Positive reaction is normal from birth to six months of age. Positive reaction beyond six months of age may be one indication of delayed reflexive maturation. Negative Reaction over one month of age is one Positive Reaction indication of delayed reflexive maturation.

25 Body Righting Acting on the Body Test position Patient supine. Head in midposition. Arms and legs extended. Negative reaction

Test stimulus Rotate head to one side, actively or passively.

Negative reaction Body rotates as a whole (neck righting), and not segmentally.

Positive reaction Segmental rotation of trunk between shoulders and pelvis, e.g. head turns, then shoulders, finally the pelvis. Positive Reaction

. Positive reaction emerges about six months of age and continues to eighteen months. Negative Reaction over six months of age may be one indication of delayed reflexive maturation.

26 Labyrinthine Righting Acting on the Head 1 Test position Hold blindfolded patient in space. Prone position. Negative reaction

Test stimulus Prone position in space, per se.

Negative reaction Head does not raise automatically to the normal position.

Positive reaction Head raises to normal position, face vertical, mouth horizontal.

Positive Reaction . Positive reaction is normal about one to two months of age and continues throughout life. Negative reaction after two months of age may be one indication of delayed reflexive maturation.

27 Labyrinthine Righting Acting on the Head 2 Test position Hold blindfolded patient in space. Supine position. Negative reaction

Test stimulus Supine position in space, per se.

Negative reaction Head does not raise automatically to the normal position.

Positive reaction Head raises to normal position, face vertical, mouth horizontal.

Positive Reaction . Positive reaction is normal six months of age and continues throughout life. Negative reaction after six months of age may be one indication of delayed reflexive maturation.

28 Labyrinthine Righting Acting on the Head 3 Test position Hold blindfolded patient in space. Hold around pelvis. Negative reaction

Test stimulus Tilt to the right.

Negative reaction Head does not right itself automatically to the normal position,

Positive reaction Head rights itself to normal position, face vertical, mouth horizontal.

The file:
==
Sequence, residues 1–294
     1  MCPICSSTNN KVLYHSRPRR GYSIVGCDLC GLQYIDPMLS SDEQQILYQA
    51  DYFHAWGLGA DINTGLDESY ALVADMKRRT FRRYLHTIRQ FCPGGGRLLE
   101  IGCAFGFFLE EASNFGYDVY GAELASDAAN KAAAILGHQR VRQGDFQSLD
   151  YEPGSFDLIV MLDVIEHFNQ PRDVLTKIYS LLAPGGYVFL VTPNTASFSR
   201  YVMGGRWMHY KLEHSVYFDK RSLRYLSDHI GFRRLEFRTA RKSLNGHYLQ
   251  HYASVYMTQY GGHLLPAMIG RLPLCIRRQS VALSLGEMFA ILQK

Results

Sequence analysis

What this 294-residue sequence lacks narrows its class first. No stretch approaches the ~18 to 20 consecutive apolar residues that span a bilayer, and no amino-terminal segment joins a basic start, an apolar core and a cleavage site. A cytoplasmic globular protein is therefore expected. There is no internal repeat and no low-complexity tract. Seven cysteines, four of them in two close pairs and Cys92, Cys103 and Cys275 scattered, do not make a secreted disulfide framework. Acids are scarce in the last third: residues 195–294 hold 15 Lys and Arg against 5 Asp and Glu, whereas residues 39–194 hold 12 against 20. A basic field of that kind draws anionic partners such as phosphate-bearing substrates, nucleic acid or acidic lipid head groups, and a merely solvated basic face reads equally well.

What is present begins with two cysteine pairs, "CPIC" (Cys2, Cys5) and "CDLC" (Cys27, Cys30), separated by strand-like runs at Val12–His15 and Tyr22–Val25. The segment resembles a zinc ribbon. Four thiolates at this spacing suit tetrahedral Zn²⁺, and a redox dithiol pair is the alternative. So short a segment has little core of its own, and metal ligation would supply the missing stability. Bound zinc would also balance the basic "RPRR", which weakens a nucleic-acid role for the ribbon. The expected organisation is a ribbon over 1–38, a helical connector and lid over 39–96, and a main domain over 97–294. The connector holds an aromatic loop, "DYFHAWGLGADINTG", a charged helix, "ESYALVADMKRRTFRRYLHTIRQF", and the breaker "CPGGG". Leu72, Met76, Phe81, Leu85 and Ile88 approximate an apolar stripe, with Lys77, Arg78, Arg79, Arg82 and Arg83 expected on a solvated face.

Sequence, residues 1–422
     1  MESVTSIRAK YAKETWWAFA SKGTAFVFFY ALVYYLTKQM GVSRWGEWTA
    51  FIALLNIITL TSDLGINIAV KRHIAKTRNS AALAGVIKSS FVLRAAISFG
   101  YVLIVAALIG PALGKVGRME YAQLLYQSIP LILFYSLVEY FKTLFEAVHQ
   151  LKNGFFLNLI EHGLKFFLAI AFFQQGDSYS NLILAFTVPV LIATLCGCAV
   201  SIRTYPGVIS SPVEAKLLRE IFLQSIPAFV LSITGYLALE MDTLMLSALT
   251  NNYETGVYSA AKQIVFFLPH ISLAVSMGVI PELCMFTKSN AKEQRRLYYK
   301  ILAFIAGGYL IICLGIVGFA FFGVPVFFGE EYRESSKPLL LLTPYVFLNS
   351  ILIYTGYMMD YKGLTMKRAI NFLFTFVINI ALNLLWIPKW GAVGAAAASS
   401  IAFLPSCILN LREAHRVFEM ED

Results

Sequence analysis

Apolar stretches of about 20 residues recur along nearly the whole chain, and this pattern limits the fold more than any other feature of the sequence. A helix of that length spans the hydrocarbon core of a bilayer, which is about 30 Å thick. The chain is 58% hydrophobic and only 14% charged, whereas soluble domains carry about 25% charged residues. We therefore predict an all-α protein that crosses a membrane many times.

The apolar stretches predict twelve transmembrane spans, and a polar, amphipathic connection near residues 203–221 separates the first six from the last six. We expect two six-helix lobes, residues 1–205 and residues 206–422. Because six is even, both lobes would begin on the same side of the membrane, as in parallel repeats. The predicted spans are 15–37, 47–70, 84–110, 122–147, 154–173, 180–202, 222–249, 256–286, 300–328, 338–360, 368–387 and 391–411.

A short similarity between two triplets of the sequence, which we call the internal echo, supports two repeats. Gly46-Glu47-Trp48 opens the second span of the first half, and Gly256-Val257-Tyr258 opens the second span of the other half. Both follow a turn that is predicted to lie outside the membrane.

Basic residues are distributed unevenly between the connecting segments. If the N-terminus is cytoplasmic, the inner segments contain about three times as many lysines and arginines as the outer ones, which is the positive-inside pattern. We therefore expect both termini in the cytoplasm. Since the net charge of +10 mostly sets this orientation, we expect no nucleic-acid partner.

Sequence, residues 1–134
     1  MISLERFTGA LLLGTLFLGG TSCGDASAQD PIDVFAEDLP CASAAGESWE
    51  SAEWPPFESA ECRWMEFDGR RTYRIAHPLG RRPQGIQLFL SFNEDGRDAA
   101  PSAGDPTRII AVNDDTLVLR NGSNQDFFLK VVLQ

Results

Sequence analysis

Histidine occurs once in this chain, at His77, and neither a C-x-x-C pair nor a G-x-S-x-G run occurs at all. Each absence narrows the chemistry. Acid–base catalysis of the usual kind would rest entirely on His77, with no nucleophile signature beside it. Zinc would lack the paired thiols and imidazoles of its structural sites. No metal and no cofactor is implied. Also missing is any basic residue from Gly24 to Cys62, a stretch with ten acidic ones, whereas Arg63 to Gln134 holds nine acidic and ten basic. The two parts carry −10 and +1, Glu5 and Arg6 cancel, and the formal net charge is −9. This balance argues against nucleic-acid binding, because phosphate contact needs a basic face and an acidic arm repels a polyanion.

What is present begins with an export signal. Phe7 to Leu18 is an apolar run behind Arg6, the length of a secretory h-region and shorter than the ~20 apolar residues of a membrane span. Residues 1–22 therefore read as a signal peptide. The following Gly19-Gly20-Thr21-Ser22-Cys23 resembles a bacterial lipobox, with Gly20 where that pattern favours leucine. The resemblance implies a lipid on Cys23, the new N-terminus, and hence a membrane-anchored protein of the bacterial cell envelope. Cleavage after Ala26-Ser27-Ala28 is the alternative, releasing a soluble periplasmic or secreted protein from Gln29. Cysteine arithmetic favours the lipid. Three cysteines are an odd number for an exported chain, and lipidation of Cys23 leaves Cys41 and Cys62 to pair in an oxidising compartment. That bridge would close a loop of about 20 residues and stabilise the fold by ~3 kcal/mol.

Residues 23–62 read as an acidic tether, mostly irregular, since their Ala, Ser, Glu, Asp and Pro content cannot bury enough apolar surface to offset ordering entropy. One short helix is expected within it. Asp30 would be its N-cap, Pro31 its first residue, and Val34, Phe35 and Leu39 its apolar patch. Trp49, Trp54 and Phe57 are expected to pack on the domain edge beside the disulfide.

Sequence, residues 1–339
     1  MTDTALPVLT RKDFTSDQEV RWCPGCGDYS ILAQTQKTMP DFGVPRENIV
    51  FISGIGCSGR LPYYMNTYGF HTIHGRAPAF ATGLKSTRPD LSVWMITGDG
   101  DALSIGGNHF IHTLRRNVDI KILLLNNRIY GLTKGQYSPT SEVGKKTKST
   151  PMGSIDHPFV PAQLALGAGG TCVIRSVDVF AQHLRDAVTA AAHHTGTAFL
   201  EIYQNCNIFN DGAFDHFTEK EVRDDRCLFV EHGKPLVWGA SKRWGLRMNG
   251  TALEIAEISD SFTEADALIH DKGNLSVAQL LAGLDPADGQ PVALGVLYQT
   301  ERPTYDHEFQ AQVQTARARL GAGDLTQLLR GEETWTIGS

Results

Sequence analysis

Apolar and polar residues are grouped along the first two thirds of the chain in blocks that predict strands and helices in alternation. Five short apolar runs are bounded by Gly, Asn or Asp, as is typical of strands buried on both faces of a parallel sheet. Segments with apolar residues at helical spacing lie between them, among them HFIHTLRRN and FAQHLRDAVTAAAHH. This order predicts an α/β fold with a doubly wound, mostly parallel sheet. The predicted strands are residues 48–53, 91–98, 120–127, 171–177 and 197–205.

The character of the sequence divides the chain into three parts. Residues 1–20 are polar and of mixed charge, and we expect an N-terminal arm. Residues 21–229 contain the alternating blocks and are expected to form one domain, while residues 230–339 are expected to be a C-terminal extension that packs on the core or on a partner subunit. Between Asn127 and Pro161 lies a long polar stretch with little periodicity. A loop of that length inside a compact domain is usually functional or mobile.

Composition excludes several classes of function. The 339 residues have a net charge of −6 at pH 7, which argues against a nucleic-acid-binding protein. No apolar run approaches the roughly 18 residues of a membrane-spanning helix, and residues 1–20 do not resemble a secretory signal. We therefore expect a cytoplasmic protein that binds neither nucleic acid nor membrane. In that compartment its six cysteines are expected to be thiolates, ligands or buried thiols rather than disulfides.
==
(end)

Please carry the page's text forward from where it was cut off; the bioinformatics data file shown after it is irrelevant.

Positive reaction is normal six to eight months of age and continues throughout life. Negative reaction after eight months of age may be one indication of delayed reflexive maturation. Positive Reaction

29

Labyrinthine Righting Acting on the Head 4 Test position Hold blindfolded patient in space. Hold around pelvis. Negative reaction

Test stimulus Tilt to the left.

Negative reaction Head does not right itself automatically to the normal position,

Positive reaction Head rights itself to normal position, face vertical, mouth horizontal.

Positive reaction is normal six to eight months of age and continues throughout life. Negative reaction after eight months of age may be one indication of delayed reflexive maturation.

Positive Reaction

30 Optical Righting 1 Test position Hold blindfolded patient in space. Prone position. Negative reaction

Test stimulus Prone position in space, per se.

Negative reaction Head does not raise automatically to the normal position.

Positive reaction Head raises to normal position, face vertical, mouth horizontal.

.

Positive Reaction

Positive reaction normally appears soon after labyrinthine righting acting on the head (1-2 months) and continues throughout life. (Optical righting reactions in all positions are valid only if the labyrinthine righting is not present.) Negative reaction after this time may be one indication of delayed reflexive maturation.

31 Optical Righting 2 Test position Hold patient in space. Supine position. Negative reaction

Test stimulus Supine position in space, per se.

Negative reaction Head does not raise automatically to the normal position.

Positive reaction Head raises to normal position, face vertical, mouth horizontal.

Positive Reaction .

Positive reaction is normal about six months of age and continues throughout life. Negative reaction after six months of age may be one indication of delayed reflexive maturation.

32 Optical Righting 3 Negative reaction

Test position Hold patient in space. Hold around pelvis.

Test stimulus Tilt to the right.

Negative reaction Head does not right itself automatically to the normal position,

Positive reaction Head rights itself to normal position, face vertical, mouth horizontal.

Positive reaction is normal six to eight months of age and continues throughout life. Negative reaction after eight months of age may be one indication of delayed reflexive Positive Reaction maturation.